A new article from USA Today tells us that talking to our pets can make pet owners healthier.
Owning a pet increases human interaction and combats the increasing health concerns around loneliness, prompting some researchers to suggest the government should do more to encourage it.
Researchers released new data that show about 40% of people support a government push to increase interaction with pets. The research was presented at the first Summit on Social Isolation and Companion Animals by Mars Petcare and the Human Animal Bond Research Institute.
Loneliness is as dangerous to health as smoking 15 cigarettes a day, according to one researcher. That makes it a health concern on par with obesity.
Nancy Gee, human-animal interaction research manager at Mars’ Waltham Centre for Pet Nutrition, says showing other people pictures of your pet and even talking to that cat or dog are both typical and healthy behaviors.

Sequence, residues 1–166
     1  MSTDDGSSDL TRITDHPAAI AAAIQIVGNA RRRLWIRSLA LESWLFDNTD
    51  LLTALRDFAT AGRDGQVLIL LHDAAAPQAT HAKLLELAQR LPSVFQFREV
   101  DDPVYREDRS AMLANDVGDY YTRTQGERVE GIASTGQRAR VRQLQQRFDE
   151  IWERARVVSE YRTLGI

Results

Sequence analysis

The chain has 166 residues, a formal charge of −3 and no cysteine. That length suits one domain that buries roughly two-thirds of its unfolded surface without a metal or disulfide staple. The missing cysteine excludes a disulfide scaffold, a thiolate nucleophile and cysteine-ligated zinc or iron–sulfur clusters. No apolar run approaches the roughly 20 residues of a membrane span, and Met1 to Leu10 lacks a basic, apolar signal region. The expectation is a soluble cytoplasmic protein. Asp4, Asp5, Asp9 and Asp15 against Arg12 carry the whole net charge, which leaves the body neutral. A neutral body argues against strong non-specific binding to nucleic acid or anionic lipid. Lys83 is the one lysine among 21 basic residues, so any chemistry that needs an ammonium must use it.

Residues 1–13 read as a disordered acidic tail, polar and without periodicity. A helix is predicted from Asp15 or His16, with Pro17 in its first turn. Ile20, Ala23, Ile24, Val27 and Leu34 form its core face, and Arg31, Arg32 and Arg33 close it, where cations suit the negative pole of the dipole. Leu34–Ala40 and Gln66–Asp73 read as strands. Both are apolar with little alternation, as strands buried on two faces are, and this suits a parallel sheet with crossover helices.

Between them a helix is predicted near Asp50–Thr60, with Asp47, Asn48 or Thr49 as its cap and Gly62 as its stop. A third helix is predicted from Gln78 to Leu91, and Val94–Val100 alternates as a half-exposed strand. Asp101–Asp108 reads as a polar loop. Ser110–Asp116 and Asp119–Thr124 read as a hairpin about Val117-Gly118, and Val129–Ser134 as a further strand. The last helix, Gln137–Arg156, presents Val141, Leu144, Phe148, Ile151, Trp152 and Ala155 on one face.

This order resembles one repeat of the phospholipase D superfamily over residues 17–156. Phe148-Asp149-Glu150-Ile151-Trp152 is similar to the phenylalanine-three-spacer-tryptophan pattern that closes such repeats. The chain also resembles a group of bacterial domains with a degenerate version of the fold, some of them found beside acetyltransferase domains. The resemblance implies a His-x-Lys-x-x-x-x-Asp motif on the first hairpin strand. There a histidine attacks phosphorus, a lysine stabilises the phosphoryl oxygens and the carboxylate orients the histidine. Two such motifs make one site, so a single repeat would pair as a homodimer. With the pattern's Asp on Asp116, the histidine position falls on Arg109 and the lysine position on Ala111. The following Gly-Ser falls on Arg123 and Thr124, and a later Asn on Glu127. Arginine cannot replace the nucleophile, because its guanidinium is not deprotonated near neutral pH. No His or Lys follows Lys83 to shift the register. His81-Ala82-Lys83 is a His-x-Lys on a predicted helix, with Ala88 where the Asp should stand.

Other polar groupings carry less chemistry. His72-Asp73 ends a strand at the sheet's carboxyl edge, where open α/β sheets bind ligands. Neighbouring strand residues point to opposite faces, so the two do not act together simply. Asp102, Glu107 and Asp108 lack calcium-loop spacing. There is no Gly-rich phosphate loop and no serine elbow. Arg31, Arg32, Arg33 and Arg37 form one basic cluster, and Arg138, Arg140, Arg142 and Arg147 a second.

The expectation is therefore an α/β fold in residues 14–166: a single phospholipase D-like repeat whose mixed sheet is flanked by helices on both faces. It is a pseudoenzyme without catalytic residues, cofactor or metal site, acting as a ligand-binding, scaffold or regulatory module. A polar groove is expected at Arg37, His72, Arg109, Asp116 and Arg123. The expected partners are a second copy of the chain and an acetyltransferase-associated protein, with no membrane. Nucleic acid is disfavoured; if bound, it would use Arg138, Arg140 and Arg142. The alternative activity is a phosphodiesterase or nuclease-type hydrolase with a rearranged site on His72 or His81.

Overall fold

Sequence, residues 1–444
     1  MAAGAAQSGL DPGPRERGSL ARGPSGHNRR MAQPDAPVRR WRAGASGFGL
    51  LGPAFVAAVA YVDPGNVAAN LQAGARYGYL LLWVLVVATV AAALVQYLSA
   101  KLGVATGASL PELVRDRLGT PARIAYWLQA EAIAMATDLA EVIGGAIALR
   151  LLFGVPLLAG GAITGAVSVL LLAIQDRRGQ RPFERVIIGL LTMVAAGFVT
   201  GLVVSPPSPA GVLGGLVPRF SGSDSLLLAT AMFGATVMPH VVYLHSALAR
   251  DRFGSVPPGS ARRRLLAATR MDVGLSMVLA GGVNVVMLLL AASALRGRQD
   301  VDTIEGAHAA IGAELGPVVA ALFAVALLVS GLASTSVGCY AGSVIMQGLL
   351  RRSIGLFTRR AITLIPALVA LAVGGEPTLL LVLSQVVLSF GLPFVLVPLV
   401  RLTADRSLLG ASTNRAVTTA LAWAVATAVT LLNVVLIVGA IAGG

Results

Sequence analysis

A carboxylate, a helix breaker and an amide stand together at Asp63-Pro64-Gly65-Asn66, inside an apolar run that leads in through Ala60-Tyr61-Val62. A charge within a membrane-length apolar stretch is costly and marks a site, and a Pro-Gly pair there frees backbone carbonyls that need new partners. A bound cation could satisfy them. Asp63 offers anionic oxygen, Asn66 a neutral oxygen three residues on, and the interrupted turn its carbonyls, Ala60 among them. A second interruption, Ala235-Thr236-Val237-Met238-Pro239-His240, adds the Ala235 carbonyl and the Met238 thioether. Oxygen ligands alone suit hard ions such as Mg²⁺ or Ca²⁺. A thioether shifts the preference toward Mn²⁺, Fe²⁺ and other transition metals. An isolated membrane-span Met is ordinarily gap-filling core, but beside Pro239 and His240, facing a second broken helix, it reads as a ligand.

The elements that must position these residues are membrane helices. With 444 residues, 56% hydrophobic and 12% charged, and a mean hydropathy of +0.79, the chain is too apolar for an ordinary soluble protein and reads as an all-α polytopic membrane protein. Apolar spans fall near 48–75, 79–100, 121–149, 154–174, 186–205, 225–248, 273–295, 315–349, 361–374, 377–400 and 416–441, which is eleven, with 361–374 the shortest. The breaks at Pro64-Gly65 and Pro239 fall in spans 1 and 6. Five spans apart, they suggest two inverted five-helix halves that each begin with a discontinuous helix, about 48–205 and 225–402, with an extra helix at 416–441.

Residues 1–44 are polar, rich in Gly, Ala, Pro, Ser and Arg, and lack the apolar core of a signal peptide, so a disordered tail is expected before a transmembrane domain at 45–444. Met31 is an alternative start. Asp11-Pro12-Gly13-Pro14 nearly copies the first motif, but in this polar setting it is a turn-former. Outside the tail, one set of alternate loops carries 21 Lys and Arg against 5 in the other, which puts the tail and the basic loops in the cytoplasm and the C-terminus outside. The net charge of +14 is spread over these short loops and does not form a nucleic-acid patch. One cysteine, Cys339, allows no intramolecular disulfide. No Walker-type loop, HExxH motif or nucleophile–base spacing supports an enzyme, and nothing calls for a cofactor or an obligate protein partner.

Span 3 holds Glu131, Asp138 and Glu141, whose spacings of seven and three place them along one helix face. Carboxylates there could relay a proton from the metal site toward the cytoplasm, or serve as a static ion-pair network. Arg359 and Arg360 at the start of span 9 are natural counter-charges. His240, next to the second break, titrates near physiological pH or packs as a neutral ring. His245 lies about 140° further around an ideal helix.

“When we think about loneliness, we need attachment figures and pets meet that need,” says Gee. “You don’t have to worry about confidentiality or judgement. It just is what it is.”
An online survey of 2,036 people found:
•More than half (54%) say their pet helps them connect with other people. And 51% said their pets make them “feel less shy.”
•About one in four pet owners said they got a pet because they know it is good for mental health. More than half of people 55 and over got their pet for that reason.
•Nearly three-quarters (73%) believe nursing homes and assisted-living facilities have a degree of responsibility to foster pet interaction.
It still remains to be seen whether pets literally make people healthier or if healthier people are more likely to own pets. It’s “worth investing in the research” to better understand how interaction and ownership affect health.